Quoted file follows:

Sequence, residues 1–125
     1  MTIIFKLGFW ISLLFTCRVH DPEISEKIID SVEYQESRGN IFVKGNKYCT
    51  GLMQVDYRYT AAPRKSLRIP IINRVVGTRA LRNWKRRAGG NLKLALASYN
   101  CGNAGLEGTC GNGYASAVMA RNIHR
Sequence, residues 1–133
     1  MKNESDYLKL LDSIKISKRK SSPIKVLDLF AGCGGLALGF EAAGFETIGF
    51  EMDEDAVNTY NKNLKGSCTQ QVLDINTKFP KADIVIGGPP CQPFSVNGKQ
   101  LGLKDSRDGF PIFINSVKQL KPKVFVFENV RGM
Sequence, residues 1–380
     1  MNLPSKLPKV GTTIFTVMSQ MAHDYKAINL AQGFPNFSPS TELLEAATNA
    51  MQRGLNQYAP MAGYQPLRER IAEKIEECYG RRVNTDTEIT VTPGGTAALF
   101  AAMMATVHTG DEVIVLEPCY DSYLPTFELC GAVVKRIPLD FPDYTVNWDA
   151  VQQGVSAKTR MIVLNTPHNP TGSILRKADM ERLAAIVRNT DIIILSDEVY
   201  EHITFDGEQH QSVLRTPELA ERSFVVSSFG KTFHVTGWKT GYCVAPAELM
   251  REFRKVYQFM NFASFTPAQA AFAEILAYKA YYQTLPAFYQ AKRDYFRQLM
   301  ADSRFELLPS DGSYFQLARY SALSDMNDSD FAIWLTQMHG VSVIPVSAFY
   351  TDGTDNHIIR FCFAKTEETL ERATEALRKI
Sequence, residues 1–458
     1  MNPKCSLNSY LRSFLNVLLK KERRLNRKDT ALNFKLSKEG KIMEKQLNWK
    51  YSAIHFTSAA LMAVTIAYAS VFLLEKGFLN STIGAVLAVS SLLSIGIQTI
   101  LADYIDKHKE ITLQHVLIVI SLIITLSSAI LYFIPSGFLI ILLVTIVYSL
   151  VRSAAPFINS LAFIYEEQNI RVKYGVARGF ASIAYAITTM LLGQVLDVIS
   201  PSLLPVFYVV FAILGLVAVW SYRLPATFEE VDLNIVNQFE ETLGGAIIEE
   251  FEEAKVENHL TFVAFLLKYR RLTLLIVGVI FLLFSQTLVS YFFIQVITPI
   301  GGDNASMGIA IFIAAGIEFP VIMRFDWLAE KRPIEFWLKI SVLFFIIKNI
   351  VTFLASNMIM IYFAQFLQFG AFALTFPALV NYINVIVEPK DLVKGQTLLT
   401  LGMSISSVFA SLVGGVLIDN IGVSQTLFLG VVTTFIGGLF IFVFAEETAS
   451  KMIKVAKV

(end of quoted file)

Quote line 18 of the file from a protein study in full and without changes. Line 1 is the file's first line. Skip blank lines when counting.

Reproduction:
Sequence, residues 1–458